Let Go and Let God? Examining a Popular View of Christian Living: or, Why a Quick Fix to Your Struggle with Sin Will Not Result in a Victorious Life, Higher Life, Deeper Life, More Abundant Life, or Anything Other Than a Misguided, Frustrated, Disillusioned, and/or Destroyed Life.
I became a Christian when I was seventeen years old, and the first theology I knew was Keswick theology. I read many books and heard numerous sermons that exhorted me to ???let go and let God,??? to live the victorious Christian life, to surrender absolutely and completely to the Lord, to live in unbroken victory for significant periods of time, to live as a spiritual Christian instead of a carnal Christian. I read Hannah Whitall Smith, Charles Trumbull, Andrew Murray, Watchmen Nee, Major Ian Thomas, John Hunter, etc. My youth pastor, who discipled me and taught me the rudiments of the Christian faith, gave a steady diet of Keswick teaching as well.??…??Let me be quick to say how much I learned from Keswick theology. It upholds the Scriptures as the authoritative and inerrant word of God. It highlights the majesty and beauty of Christ. It embraces and rejoices in orthodox Christian theology. Most important, it takes the Holy Spirit seriously. Christians can and should live in a way that pleases God through the power of the Holy Spirit. The Holy Spirit is not a theological cipher; his presence is vital and energizing so that believers can triumph over the flesh.??Nevertheless, Keswick theology, which was so wonderful to read about, did not match my experience. I didn???t enjoy the sustained victory over sin that I read and heard about in books and sermons. I comforted myself with the thought that I was a young Christian. I hoped that when I was more mature I would experience consistent victory. In my seminary years, however, two things weaned me away from Keswick theology. For the first time in my life I started doing serious exegesis. It became apparent to me fairly quickly that Keswick theology does not match up with what the scriptures teach. The Christian life has an already-not yet tension, and sanctification is progressive and partial. Believers do not and cannot live on clouds during their earthly sojourn. Second, I was getting older and more mature. I noticed that my pastor who espoused Keswick theology, although he was a godly man, was not adept at recognizing his own sin. His ???theology,??? unbeknown to him, did not match his experience either.??Keswick theology is still popular today. …The Keswick movement has done much good, and we are allies and friends in the gospel of Jesus Christ. Still, iron sharpens iron, and Keswick theology has too often produced discouragement and despair with its exalted and finally unbiblical view of sanctification.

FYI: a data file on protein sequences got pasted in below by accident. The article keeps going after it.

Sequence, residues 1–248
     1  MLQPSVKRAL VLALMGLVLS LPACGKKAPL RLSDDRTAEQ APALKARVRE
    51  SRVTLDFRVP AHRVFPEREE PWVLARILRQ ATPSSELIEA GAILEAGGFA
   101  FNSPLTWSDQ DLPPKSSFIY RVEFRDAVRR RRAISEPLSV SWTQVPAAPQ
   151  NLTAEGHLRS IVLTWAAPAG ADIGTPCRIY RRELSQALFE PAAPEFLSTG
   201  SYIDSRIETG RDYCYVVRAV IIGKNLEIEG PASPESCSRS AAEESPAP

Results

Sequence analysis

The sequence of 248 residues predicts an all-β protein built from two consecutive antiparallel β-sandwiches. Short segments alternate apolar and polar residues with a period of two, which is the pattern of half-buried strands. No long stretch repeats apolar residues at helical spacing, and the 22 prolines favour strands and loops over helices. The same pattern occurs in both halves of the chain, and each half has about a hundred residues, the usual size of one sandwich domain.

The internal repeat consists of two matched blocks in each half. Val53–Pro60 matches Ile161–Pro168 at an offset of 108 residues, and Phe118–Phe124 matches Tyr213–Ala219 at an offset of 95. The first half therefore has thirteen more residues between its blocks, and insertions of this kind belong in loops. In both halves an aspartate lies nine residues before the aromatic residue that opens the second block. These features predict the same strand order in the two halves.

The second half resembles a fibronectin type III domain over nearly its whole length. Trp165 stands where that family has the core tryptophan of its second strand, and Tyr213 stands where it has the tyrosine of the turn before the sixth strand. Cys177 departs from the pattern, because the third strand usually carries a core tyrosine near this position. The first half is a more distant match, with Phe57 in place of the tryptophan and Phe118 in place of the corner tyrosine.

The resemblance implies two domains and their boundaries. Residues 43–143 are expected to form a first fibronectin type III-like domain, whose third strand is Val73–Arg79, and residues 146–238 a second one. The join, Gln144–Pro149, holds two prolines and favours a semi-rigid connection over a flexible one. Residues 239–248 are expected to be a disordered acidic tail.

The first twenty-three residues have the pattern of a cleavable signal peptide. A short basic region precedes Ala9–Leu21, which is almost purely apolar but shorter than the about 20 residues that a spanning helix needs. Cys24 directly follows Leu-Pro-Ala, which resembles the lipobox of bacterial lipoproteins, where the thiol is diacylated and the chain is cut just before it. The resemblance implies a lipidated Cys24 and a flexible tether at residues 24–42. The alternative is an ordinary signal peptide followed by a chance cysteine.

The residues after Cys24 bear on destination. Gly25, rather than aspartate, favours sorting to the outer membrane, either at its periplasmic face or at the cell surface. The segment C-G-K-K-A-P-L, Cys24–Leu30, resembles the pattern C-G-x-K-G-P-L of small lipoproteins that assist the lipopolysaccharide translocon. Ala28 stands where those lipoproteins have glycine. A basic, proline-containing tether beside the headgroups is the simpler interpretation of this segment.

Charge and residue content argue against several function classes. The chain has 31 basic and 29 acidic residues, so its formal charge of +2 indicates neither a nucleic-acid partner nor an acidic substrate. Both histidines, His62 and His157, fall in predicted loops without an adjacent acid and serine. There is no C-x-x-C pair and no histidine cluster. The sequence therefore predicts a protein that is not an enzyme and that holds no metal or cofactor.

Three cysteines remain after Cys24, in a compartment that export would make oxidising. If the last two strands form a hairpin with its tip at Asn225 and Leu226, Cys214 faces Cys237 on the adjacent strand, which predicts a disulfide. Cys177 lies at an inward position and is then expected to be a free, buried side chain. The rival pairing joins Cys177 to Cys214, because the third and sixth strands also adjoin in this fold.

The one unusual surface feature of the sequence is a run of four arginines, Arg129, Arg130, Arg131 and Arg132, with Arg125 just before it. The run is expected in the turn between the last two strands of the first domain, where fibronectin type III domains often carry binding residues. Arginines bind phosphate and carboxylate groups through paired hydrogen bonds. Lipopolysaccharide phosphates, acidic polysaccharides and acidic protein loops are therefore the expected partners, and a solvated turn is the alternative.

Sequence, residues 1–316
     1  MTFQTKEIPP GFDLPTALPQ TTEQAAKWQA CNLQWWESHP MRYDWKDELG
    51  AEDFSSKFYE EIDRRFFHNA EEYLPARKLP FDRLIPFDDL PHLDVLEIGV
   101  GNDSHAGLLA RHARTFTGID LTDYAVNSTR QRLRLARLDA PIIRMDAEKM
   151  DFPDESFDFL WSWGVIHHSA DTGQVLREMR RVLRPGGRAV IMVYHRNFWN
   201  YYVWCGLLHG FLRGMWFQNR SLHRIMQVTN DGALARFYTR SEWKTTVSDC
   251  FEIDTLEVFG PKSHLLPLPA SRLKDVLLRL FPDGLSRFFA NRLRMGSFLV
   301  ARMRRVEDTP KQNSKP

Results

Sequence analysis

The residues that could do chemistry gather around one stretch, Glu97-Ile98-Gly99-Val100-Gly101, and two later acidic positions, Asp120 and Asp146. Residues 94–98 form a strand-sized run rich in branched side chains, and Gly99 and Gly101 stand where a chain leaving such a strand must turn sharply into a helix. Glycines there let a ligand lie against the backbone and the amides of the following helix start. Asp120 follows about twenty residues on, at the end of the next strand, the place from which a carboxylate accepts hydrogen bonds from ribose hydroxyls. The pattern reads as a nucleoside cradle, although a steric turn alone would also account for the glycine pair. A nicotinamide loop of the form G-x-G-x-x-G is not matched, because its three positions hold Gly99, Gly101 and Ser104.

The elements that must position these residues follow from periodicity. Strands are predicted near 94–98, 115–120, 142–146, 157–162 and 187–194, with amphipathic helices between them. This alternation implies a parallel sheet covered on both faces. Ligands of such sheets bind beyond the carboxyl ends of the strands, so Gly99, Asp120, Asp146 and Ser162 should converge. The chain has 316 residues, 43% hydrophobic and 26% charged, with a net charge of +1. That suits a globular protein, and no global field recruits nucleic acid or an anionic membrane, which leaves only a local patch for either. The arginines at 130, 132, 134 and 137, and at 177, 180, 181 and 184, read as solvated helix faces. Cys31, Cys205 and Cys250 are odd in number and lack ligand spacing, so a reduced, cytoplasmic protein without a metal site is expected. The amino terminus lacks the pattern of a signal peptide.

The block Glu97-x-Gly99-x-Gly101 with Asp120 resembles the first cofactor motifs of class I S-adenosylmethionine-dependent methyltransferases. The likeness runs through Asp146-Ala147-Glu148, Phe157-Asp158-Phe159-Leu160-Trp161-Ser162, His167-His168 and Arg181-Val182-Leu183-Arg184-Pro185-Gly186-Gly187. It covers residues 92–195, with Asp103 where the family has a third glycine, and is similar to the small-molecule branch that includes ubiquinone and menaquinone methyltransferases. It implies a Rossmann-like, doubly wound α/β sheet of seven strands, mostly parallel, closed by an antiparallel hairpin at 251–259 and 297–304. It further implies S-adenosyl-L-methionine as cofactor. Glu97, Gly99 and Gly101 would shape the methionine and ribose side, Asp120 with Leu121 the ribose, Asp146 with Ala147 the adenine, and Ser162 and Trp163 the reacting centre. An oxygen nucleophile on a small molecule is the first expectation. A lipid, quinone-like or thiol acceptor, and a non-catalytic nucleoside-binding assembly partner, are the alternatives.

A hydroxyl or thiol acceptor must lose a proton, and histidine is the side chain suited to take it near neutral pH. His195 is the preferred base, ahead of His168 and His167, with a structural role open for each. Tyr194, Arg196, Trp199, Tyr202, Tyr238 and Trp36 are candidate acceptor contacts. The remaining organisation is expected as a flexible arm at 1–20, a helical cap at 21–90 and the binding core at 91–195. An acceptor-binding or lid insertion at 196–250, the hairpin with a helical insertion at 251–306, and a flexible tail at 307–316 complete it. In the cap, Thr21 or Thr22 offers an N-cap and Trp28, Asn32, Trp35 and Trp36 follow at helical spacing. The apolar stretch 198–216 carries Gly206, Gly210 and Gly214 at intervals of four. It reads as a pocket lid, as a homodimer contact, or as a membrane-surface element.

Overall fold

The above quote could very well be my own, but it is not.?? The personal experience of Keswick theology is very similar to my own.?? I even used to have a basketball poster in my room that said “Let go, Let God.”?? I dare not look back to see what yearly Keswick-driven church “themes” I grew up with.?? The above is actually Thomas R. Schreiner’s foreword to Andy Naselli’s new e-book, Let Go and Let God? A Survey and Analysis of Keswick Theology.?? See this PDF of the book’s front matter for more information.